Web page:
The debut record from the Traveling Wilburys, first released in October of 1988, comes to coloured vinyl for the first time. The album includes the hits End of the Line and Handle with Care. The Traveling Wilburys would have never referred to themselves as a supergroup. Though comprised of some of the biggest names in modern music, the band was much more nonchalant than that. Formed out of friendship, spontaneity (and some would say pure kismet) the Traveling Wilburys were Bob Dylan, George Harrison, Tom Petty, Jeff Lynne and (until his passing) Roy Orbison.
Here are the rest of the new releases arriving at The Vinyl Whistle this week:
From the first notes of Buffalo Tom's second album, Birdbrain, it was clear the band had done more than their share of growing up since their self-titled debut, which had come out the year before. The title cut leaps out of the gate with a tight snap that leaves anything on the first album in the dust; drummer Tom Maginnis and bassist Chris Colbourn sound far tighter and more unified as a rhythm section, and guitarist and vocalist Bill Janovitz reveals a taut, slashing authority that was quite a change from the sloppy, sometimes meandering sound he'd summoned up his first time at bat. Just as roadwork had firmed up Buffalo Tom's sound, their songwriting was also steadily improving.
Third release in the new audiophile Acoustic Sounds series. Easily one of the most important records ever made, John Coltrane's A Love Supreme was his pinnacle studio outing that at once compiled all of his innovations from his past, spoke of his current deep spirituality, and also gave a glimpse into the next two-and-a-half years.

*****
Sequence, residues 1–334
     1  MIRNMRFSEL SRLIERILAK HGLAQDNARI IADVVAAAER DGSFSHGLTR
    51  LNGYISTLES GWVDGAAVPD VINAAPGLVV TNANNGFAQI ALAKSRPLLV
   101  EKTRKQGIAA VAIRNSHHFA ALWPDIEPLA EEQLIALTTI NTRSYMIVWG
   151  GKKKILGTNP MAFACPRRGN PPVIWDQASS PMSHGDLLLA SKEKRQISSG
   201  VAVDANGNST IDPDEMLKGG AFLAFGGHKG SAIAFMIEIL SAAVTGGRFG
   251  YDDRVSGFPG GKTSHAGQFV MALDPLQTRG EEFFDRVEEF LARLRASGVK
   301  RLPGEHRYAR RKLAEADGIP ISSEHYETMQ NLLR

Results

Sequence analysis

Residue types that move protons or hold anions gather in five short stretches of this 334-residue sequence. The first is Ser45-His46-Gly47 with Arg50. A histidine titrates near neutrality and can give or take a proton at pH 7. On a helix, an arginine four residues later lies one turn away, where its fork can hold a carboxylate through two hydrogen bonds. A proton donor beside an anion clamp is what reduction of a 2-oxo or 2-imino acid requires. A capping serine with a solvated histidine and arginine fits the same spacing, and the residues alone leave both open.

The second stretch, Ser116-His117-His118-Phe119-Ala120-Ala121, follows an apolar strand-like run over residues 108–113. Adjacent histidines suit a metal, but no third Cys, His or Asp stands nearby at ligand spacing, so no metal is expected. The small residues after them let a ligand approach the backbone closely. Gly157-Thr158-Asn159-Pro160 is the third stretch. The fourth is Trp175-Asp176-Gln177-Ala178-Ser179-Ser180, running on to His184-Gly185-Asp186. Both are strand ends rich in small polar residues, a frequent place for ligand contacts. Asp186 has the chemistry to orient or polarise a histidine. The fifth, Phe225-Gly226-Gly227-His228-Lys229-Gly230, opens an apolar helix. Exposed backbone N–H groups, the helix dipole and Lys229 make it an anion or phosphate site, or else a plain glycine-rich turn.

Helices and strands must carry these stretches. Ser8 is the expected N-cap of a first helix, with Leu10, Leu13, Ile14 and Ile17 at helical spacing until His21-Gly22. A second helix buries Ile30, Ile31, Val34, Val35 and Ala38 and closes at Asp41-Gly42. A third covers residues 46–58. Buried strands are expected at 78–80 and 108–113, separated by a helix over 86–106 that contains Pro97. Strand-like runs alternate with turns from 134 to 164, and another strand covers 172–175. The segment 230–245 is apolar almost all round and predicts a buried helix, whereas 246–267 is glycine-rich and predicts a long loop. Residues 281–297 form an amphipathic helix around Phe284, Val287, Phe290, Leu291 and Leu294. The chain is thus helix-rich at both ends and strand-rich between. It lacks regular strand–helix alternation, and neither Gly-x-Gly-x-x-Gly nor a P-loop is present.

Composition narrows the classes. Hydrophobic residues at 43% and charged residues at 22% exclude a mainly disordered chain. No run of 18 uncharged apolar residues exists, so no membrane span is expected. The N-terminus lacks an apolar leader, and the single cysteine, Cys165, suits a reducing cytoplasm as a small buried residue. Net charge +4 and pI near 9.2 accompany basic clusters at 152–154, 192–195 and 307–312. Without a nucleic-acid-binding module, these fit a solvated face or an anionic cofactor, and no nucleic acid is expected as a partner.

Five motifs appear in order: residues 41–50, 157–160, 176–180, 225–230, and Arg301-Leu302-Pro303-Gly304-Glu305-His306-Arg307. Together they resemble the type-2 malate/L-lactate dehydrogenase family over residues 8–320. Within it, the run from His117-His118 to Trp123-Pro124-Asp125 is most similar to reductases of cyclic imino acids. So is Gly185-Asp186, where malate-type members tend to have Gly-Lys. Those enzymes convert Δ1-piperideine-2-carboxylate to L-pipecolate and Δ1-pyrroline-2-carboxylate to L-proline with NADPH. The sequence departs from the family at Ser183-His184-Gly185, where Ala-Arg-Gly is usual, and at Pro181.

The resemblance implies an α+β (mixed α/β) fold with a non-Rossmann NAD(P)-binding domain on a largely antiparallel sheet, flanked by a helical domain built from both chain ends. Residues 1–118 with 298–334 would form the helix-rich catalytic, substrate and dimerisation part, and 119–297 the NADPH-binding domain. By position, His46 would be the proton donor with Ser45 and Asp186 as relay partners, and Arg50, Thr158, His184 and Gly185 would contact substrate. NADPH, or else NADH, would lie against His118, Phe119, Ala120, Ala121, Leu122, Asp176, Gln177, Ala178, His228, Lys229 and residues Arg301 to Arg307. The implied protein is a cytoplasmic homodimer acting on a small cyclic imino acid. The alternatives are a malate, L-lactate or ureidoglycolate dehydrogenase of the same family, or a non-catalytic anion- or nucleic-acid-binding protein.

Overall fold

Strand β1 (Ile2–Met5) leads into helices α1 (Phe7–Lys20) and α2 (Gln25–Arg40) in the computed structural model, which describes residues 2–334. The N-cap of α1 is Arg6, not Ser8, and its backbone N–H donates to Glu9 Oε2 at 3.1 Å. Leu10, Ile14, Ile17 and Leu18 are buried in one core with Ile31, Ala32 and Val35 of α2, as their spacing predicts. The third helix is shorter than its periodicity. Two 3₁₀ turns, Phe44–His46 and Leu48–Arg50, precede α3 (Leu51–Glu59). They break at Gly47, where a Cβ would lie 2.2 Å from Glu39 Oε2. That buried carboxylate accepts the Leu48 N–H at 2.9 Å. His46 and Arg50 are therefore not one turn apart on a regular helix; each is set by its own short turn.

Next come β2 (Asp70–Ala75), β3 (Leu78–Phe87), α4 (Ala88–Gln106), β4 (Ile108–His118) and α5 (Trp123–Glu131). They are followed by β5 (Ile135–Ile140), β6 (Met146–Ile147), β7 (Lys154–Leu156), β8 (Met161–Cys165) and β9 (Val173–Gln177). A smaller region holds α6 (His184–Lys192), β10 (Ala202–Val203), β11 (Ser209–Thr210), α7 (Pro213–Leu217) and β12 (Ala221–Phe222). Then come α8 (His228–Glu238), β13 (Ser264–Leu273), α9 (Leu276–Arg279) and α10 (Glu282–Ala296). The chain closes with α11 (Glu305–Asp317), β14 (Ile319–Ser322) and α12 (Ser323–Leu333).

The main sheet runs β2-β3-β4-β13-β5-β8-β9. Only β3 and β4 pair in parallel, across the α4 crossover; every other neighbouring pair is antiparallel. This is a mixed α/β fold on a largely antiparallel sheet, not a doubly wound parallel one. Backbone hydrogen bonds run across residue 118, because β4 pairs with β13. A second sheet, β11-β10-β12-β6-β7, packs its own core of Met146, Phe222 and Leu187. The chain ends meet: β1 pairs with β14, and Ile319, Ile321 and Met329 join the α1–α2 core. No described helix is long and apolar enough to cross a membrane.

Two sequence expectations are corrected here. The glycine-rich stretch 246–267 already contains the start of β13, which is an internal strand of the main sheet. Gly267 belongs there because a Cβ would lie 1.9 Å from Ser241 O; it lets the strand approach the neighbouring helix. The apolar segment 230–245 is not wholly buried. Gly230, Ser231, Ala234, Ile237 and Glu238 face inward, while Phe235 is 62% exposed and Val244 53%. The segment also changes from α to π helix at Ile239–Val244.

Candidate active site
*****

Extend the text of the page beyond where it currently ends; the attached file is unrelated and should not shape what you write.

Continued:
The shopping malls have closed down, the dressing rooms are filled with ghosts, and the carousel is covered in cobwebs. Nobody Lives Here Anymore, the latest and greatest from Max Clarke as Cut Worms, is the haunted reverie of an American landscape in-and-out of Clarke’s mind. Recorded between May and November 2019 in Memphis, Tennessee, the album is a snow globe of the mid-twentieth-century’s popular music filled with chiming guitars, honkey tonk pianos, and Telstar organs. He explores the wistfulness of the past in search of answers for tomorrow. And while his grand anthems overflow with timeless pop charm, his ability to dig deeper than lollipops and holding hands sets his work apart from the days of 45s and Top of the Pops.
it’s more philosophical than Dons Savage's earlier work. It feels like the right one for a world of apocalyptic pandemic, uncertainty and quarantine. Dons' power over melody and knack for profundity remains unchanged since Dead Famous People's original incarnation. A rare record in a time of musical factionalism and a world divided into camps of willful obscurity and grotesque mockeries of stardom and art, it’s a document of unadorned perfection.